Warning: Spoilers for Batman and Robin #1 ahead!
- Batman and Robin #1 introduces the concept of splicing, a process where individuals inject animal DNA into themselves to gain animalistic features, similar to the depiction in Batman Beyond.
- The Terrible Trio in the comic transform into human/animal hybrids, retaining their human physiques but gaining the animalistic properties of their masks.
- The storyline in Batman and Robin #1 suggests that splicing may become a prevalent threat in the present day DC Universe, laying the groundwork for the future-noir legacy of Batman Beyond.
Batman Beyond introduced many iconic elements and foes in its Neo-Gotham. Now, one particular future Batman Beyond threat appears to have emerged to challenge Batman and Robin in the present: the scourge of “splicing” and the vicious human/animal hybrids it creates.
Batman and Robin #1 by Joshua Williamson, Simone Di Meo, and Steve Wands picks up in the wake of the Gotham War that has ripped Catwoman and the Bat-Family apart. This leaves Bruce and Damian now on their own in Bruce’s brownstone building. As the two work to contain a series of crimes comitted by various animal-themed villains, they find that each event is linked to the DNA research of one “Dr. Kafira.” When Batman and Robin attempt to rescue Dr. Kafira from being kidnapped by Orca, Man-Bat, Killer Croc, and the Terrible Trio, Damian knocks Fox’s mask off — only to find the villain’s human features have been replaced with the snout of an actual fox.
The rest of the Terrible Trio remove their masks to reveal that they, too, now have the heads of the animals they emulated. In the confusion, Man-Bat carries Dr. Kafira away and Batman is struck by a chemical pellet that causes a swarm of bats to attack him.
Neo-Gotham’s Scourge of Splicing in Batman Beyond
There is a lot here that seems to pay homage to Batman Beyond‘s depiction of splicing. Making their formal debut in the Season 2 episode “Splicers,” splicers are the product of Dr. Abel Cuvier’s attempts to introduce “splicing” — injecting oneself with animal DNA to gain animalistic features — to the public (while secretly using his army of splicers to violently silence naysayers, of course). Splicing has made its way into Batman Beyond‘s comic continuity as well, with Collin Kelly, Jackson Lanzing, Max Dunbar, Sebastian Cheng, and Hassan Otsmane-Elhaou’s Batman Beyond: Neo-Gothic miniseries featuring “catbois“: humans spliced with cat DNA who revere and name themselves after Selina Kyle.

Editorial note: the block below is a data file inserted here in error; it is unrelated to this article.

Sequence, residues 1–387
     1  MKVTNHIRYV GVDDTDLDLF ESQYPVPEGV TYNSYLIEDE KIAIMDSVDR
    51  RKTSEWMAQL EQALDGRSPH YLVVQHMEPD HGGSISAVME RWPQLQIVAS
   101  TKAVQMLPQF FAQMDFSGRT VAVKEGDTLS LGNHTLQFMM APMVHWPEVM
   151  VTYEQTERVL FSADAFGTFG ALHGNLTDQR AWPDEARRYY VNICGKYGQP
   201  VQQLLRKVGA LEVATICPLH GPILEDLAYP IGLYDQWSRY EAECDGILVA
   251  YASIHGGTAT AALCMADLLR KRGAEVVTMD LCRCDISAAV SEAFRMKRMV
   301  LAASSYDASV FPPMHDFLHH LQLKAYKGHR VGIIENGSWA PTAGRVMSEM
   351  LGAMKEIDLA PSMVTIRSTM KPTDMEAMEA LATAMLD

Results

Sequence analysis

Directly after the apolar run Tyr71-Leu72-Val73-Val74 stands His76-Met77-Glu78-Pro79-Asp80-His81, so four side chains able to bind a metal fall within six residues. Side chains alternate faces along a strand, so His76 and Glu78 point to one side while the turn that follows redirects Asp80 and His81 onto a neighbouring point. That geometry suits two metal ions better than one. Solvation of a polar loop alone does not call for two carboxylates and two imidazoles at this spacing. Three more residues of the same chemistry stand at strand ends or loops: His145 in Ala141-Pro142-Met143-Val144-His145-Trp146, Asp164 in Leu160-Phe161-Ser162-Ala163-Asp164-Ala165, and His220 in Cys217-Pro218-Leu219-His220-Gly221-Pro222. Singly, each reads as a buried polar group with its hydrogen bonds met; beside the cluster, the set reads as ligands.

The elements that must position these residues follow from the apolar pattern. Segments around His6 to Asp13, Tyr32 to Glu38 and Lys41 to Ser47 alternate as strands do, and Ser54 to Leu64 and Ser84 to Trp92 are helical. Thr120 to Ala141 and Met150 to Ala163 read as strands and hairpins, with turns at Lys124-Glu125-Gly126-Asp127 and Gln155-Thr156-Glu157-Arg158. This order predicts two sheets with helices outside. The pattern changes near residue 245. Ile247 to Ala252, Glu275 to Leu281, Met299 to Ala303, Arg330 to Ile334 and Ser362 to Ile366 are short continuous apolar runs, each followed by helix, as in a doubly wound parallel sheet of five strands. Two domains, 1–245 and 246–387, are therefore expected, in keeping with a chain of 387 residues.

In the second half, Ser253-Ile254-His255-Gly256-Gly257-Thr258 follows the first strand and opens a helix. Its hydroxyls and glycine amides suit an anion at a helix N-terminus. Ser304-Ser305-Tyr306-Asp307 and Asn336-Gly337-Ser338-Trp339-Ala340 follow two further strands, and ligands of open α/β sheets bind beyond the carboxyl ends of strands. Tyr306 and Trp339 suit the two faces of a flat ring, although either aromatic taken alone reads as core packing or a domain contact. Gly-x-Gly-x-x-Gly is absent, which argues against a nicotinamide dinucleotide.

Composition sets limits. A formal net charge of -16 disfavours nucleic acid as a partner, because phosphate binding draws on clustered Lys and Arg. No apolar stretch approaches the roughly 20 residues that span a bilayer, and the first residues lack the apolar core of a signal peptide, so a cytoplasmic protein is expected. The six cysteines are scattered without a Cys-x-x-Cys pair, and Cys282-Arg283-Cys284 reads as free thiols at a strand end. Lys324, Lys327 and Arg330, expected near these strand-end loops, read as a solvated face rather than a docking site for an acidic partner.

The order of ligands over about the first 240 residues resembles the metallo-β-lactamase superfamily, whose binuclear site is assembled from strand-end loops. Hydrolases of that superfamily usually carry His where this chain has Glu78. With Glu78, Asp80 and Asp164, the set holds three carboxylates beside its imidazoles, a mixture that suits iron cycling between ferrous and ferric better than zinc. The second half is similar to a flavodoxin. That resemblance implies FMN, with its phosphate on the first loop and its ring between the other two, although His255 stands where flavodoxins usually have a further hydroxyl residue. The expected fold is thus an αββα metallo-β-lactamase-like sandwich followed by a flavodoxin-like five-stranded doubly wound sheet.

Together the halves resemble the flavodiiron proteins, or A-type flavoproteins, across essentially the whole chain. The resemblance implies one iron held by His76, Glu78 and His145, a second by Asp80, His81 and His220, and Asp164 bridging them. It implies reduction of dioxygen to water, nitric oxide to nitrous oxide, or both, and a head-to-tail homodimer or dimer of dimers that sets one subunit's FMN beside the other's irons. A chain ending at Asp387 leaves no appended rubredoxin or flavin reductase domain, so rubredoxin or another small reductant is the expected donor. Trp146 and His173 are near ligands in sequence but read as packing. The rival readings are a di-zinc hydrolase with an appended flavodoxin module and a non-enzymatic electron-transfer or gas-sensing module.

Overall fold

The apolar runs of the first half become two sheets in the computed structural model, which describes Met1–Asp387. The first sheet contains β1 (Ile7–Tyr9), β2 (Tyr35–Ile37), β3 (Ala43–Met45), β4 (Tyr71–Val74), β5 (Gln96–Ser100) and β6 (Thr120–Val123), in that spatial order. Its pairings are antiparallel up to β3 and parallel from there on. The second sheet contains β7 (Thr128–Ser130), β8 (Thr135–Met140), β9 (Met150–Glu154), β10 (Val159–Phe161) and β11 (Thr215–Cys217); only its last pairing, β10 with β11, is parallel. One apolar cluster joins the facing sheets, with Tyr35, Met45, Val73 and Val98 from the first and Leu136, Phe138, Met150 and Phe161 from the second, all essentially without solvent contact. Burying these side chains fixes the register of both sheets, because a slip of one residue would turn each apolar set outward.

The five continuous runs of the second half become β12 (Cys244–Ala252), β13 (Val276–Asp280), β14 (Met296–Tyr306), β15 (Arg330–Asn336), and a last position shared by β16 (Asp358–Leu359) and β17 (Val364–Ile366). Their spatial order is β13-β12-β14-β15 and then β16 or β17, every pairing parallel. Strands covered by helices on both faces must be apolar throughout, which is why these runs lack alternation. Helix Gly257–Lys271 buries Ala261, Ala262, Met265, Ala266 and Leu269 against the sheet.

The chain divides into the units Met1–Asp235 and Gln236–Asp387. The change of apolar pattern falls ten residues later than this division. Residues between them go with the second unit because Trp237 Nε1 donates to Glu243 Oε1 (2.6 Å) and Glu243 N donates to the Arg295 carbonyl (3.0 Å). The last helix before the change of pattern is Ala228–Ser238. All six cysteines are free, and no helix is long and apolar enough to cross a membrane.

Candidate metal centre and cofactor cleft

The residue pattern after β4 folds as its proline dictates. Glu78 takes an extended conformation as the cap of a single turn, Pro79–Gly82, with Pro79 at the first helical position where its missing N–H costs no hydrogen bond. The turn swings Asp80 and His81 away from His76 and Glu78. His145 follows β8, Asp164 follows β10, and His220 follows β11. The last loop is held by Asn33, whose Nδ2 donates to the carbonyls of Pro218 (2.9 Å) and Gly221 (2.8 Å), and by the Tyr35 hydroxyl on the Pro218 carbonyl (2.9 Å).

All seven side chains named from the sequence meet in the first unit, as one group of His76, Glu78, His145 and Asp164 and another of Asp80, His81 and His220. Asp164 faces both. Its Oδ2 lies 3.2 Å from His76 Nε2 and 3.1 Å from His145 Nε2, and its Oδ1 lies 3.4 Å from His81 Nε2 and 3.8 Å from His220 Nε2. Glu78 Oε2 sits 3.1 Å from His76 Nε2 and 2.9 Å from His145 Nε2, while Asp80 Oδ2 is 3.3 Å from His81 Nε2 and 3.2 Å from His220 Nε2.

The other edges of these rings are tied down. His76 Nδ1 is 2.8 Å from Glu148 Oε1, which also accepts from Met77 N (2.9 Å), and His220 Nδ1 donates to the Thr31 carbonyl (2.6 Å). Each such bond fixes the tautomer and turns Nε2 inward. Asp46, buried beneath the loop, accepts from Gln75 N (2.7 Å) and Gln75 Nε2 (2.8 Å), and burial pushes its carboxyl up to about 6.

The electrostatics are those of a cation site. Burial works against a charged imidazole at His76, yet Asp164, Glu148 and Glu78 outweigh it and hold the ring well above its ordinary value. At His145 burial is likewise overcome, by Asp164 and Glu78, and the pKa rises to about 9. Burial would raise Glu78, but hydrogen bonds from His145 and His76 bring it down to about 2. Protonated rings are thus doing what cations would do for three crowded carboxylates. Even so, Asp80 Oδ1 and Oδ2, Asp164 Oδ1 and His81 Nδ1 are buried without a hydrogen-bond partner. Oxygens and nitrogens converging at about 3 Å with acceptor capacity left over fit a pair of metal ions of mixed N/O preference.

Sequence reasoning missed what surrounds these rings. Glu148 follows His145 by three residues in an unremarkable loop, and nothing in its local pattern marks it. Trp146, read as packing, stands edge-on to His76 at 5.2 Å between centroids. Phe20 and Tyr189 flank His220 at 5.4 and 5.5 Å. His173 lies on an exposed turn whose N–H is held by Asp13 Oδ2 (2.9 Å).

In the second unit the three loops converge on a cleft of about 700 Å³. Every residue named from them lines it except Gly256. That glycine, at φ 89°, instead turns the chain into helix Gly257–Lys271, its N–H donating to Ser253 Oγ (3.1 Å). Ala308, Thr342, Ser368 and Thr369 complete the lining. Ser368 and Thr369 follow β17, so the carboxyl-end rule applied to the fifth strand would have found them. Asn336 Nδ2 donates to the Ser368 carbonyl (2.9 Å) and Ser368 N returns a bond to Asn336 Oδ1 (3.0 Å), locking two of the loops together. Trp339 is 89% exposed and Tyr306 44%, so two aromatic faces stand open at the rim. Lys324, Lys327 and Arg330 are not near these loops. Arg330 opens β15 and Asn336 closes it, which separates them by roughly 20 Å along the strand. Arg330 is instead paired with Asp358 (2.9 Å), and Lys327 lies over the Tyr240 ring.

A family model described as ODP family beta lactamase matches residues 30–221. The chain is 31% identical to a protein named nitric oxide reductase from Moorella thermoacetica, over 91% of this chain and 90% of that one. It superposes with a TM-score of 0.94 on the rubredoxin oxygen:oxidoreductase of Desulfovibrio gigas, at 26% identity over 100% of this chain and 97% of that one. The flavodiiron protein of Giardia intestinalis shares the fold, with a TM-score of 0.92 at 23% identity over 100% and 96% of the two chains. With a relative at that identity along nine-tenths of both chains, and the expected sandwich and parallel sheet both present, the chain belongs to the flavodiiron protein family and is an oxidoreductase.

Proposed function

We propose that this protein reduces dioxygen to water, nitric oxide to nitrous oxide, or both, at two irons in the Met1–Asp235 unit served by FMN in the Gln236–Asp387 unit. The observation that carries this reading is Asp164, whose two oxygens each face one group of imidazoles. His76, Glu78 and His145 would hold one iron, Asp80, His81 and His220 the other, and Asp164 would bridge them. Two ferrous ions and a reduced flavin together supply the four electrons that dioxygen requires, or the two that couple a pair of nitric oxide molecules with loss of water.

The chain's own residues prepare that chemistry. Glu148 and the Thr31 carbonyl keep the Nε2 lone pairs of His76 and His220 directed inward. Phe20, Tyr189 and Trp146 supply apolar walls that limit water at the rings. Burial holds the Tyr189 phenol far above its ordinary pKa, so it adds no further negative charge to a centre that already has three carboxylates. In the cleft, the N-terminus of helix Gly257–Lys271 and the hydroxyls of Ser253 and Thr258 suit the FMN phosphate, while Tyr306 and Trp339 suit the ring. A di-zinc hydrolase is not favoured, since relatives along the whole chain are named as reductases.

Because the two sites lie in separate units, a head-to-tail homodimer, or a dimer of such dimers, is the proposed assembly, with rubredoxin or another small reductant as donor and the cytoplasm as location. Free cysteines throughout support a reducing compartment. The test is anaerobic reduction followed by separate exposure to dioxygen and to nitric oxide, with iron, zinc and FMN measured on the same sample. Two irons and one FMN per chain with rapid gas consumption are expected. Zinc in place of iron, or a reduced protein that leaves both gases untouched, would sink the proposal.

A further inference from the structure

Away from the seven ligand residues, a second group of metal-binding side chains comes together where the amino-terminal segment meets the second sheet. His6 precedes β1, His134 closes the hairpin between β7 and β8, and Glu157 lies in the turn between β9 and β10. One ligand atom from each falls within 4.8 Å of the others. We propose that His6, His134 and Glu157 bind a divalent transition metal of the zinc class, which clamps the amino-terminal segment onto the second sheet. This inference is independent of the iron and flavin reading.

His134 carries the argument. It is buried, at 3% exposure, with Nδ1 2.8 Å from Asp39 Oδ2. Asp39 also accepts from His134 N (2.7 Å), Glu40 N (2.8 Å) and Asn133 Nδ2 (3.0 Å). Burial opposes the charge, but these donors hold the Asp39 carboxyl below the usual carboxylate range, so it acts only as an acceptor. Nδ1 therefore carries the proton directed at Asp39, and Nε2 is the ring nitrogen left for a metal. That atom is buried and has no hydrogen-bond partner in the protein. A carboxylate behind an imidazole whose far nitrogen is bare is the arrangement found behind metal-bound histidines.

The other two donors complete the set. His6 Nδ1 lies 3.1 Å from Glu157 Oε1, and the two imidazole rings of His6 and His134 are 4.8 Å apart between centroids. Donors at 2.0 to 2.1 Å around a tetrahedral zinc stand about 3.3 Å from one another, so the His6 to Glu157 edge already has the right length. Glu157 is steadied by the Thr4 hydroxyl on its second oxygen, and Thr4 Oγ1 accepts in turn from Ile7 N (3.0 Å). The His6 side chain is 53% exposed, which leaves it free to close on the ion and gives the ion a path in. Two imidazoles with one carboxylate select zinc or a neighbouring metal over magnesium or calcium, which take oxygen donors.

The Terrible Trio’s transformation in Batman and Robin #1 is a perfect example of splicing, with the Trio retaining their human physiques while gaining the animalistic properties of their respective masks. Furthermore, the similarity between the names of Dr. Kafira and Dr. Cuvier, while not perfect, is not to be dismissed. Lastly, Batman is dosed with a strange chemical that causes bats to attack him; Terry McGinnis suffers a similar bat-related mishap in “Splicers,” when Cuvier injects him with a concentrated dose of vampire bat DNA.
Taken all together, this series of events suggests that this storyline is ready to establish the base research for splicing in the “present day” DCU. Perhaps the prevalence of splicing will grow into the scourge it becomes in the animated series’ Neo-Gotham. Splicing provided Batman Beyond with one of its most striking and iconic threats; by laying the groundwork for it now while Bruce and Damian Wayne are Batman and Robin, Batman Beyond secures yet another element of its future-noir legacy.
Batman and Robin #1 is now available from DC Comics.